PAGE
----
One of the unexpected joys of watching the primary season unfold is discovering the nicknames of the US states. Possibly my favourite to date is the Badger State, aka Wisconsin, where Democratic and Republican primaries will take place in a week's time. Right now, Ted Cruz appears to have a lead on Donald Trump in the Republican vote. If he were to win, a contested convention is still in sight. This is what many in the GOP are desperately hoping for, as Heather Digby Parton writes in Salon:
So far, Donald Trump has won 20 primaries and caucuses. Nobody who has won so many has ever been denied the nomination in either party. If it were anyone but him, the political professionals would pretty much be going through the motions by now, continuing to wage perfunctory primary campaigns but beginning to ready themselves for the next phase of the campaign against the Democrats. But because Donald Trump is the presumptive nominee the party is still flailing about, trying to figure out a way to wake up from their nightmare.
Right now, all eyes are on Wisconsin which votes on April 5th. The conventional wisdom says Ted Cruz has to win there in order to even sustain the argument that he might be worthy of taking the nomination on the second ballot at the convention if Trump comes up short. This is something of a desperate gamble, but it’s all they’ve got.
But what about the other GOP candidate still in the race, Ohio governor John Kasich? In yet another satisfyingly bizarre twist in this most compelling of political dramas, the latest polls handily collected in this post on The Hill show that Kasich, running a distant third to Trump and Cruz, is far and away the GOP candidate with the best chance of defeating Democrat frontrunner Hillary Clinton come election day. And that is why Kasich is hanging in there as he explained to Chuck Todd on Meet the Press over the weekend:
I mean, get out for what? If I'd have gotten out, Trump would be the nominee. He would have won Ohio. And frankly, we'll win some districts in Wisconsin. We will move to Pennsylvania, where I'm basically in a statistical tie with Trump. And when we go to New York and everywhere else, we're going to pick up delegates.
Meanwhile, back in Wisconsin, the rather distasteful slanging match Trump and Cruz have had over each other's wives was discussed in this radio interview with Charlie Sykes. At one point in the 10 minute exchange, Sykes tells Trump he sounds more like a '12 year-old-bully on the playground' than someone campaigning for the Oval Office.
This bully thing seems to be catching. Earlier this month, actor Johnny Depp, when speaking of his dislike for Trump said: 'There's something created about him in the sense of bullydom. But what he is, I believe, is a brat'.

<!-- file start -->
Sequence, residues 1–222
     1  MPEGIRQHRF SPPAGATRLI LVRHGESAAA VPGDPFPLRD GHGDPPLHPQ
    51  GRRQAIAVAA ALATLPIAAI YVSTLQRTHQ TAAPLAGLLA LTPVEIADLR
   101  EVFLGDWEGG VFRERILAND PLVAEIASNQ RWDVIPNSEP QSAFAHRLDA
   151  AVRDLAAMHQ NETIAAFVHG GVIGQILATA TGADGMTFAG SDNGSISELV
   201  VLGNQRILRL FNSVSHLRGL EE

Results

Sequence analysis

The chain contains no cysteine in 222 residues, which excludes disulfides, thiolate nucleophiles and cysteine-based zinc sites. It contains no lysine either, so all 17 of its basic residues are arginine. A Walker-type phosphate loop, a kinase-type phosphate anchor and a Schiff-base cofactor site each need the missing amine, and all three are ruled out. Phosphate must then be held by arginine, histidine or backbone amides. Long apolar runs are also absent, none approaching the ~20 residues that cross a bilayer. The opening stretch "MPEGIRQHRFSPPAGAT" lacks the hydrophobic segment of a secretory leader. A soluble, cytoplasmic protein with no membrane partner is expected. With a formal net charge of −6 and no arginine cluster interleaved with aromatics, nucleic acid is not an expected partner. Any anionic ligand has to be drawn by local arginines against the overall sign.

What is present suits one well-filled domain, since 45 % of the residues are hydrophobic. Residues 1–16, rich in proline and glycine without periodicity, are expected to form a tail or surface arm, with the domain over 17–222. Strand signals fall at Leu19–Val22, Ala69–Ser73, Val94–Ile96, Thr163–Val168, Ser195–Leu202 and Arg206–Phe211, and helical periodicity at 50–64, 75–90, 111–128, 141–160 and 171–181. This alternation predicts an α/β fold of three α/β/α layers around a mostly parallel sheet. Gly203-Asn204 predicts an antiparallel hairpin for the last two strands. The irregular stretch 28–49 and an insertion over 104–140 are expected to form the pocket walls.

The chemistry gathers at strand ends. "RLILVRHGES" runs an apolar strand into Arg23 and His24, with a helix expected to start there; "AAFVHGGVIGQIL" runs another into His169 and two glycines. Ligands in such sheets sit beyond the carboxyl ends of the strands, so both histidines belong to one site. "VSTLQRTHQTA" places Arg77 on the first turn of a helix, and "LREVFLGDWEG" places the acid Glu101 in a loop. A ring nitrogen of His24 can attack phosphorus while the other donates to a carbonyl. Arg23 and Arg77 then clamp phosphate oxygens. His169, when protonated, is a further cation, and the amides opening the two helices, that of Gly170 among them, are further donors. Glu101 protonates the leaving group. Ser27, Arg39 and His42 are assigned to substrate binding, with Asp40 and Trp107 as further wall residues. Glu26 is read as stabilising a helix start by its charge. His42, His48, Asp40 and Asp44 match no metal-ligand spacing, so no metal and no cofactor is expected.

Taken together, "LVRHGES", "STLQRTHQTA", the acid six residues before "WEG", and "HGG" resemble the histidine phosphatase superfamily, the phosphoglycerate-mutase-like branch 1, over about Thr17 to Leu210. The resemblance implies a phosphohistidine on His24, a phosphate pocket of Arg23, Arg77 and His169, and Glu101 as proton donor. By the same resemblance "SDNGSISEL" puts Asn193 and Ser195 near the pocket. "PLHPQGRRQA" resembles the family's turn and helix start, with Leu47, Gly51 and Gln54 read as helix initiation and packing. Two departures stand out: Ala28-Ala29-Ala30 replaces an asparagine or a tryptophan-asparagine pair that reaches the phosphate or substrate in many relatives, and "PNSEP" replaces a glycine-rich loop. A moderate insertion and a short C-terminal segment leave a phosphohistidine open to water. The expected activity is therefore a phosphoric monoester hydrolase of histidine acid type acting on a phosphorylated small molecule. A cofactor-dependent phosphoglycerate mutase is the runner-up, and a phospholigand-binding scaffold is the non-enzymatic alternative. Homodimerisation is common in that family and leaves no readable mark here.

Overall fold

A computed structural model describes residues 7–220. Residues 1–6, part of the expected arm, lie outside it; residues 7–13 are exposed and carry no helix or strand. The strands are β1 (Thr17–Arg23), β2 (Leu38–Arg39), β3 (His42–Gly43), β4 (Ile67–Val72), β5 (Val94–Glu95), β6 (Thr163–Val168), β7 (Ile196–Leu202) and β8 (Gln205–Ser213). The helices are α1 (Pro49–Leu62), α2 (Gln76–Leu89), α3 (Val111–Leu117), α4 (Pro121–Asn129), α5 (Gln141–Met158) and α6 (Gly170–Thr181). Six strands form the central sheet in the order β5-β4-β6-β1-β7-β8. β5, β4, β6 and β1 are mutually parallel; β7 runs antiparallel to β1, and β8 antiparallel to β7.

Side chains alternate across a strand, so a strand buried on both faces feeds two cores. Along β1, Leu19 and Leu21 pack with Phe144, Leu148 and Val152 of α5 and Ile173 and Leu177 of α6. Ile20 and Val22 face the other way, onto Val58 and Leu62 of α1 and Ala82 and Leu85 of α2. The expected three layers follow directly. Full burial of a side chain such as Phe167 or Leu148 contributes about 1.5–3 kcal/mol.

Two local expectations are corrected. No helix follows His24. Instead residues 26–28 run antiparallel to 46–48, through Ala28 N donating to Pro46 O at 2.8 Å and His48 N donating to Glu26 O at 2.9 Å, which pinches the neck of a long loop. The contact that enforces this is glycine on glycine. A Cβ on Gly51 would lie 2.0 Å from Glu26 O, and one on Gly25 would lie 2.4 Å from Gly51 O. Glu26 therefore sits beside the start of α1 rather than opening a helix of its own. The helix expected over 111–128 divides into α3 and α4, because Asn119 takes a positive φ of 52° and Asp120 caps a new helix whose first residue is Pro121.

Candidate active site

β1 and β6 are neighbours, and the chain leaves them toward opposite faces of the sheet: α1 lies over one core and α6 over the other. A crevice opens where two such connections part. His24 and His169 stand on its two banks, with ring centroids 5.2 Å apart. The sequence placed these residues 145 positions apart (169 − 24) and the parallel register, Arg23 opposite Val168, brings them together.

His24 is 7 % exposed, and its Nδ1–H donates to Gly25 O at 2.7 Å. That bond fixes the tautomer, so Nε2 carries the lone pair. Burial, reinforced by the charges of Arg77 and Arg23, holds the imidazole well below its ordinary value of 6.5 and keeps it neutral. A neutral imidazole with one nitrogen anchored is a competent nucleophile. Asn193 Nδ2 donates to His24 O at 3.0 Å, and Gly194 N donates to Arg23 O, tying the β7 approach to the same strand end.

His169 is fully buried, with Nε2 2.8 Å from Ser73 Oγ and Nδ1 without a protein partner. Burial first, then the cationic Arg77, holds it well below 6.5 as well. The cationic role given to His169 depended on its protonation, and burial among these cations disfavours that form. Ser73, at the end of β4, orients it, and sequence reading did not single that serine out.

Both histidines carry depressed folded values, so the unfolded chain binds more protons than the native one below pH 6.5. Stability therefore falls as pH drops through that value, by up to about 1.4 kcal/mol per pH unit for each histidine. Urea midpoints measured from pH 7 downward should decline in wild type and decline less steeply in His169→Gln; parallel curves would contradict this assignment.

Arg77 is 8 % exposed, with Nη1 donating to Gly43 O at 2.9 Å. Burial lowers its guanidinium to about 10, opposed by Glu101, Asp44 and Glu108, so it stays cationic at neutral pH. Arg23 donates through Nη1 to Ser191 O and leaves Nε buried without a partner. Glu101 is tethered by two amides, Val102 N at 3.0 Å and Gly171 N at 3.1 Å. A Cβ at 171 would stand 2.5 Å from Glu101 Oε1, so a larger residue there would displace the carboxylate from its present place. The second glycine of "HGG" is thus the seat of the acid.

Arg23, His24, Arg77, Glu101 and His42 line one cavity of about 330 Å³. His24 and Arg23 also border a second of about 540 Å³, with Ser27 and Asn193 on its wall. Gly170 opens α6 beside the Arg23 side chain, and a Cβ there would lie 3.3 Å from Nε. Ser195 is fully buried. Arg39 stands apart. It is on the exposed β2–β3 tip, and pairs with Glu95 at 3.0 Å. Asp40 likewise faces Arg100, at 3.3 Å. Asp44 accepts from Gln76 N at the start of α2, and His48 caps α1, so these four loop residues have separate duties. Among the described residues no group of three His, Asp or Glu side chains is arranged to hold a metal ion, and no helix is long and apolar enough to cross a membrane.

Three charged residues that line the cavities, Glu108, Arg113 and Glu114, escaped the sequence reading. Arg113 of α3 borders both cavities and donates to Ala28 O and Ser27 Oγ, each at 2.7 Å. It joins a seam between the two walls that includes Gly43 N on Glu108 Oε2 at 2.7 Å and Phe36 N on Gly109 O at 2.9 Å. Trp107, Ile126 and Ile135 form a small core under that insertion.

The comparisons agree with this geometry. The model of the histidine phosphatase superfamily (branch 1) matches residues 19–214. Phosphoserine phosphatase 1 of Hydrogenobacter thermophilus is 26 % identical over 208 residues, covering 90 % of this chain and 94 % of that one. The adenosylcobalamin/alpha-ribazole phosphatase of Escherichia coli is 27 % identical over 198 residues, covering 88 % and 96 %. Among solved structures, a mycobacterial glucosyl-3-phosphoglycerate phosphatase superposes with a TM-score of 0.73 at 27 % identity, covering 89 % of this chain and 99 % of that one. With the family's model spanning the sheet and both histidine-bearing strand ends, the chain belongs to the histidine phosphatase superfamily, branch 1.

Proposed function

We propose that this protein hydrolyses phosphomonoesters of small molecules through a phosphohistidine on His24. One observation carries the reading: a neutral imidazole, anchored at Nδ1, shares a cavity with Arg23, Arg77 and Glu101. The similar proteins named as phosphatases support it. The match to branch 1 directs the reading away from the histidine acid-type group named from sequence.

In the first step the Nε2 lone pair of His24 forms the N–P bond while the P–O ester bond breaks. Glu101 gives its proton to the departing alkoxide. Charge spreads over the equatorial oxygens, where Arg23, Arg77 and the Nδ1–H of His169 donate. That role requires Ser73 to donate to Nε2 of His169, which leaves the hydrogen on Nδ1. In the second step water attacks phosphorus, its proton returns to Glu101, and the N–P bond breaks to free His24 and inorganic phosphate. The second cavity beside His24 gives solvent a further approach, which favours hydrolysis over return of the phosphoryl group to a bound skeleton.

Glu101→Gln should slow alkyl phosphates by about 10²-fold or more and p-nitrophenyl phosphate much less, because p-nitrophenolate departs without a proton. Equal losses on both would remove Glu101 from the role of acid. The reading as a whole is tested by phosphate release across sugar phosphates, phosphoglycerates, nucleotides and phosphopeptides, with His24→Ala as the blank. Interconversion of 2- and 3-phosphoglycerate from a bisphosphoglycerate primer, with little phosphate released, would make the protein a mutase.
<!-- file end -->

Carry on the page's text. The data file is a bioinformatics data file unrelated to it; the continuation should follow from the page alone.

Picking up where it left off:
The bellicose, truculent style of campaign that has provided such rich pickings for Trump's many critics also helps explain the popular wisdom the billionaire businessman lacks the broad appeal necessary to win an election. This painstaking analsyis by David Byer on RealClear Politics largely supports that conclusion, on the basis Trump won't get enough support from black or Hispanic voters in particular. But, Byer warns, this could change.
If the fundamentals stay roughly where they are now, I suspect Hillary Clinton (who will almost assuredly win the Democratic nomination based on current delegate math) would be the favorite, based on the demographic problems I think Trump will have. But if the fundamentals go south for the Democrats — if there’s a recession, a scandal or an avoidable terrorist attack — then Trump could overcome his disadvantages and win the White House.
Back in January, The New Yorker carried a satirical piece from a fictional Trump staffer that recounted how Trump never wanted to win but his many attempts to throw the race just made him more popular. Now, this blog from Stephanie Cegielski, formerly communications director at a Trump-aligned Super Pac, suggests the New Yorker satire was uncomfortably close to the truth. A year ago, 'the goal was to get The Donald to poll in double digits and come in second in delegate count'. And now? Well, Trump's a runaway train and Cegielski wants his supporters to do the right thing. Stop him.
He doesn't want the White House. He just wants to be able to say that he could have run the White House. He’s achieved that already and then some. If there is any question, take it from someone who was recruited to help the candidate succeed, and initially very much wanted him to do so.
The hard truth is: Trump only cares about Trump.
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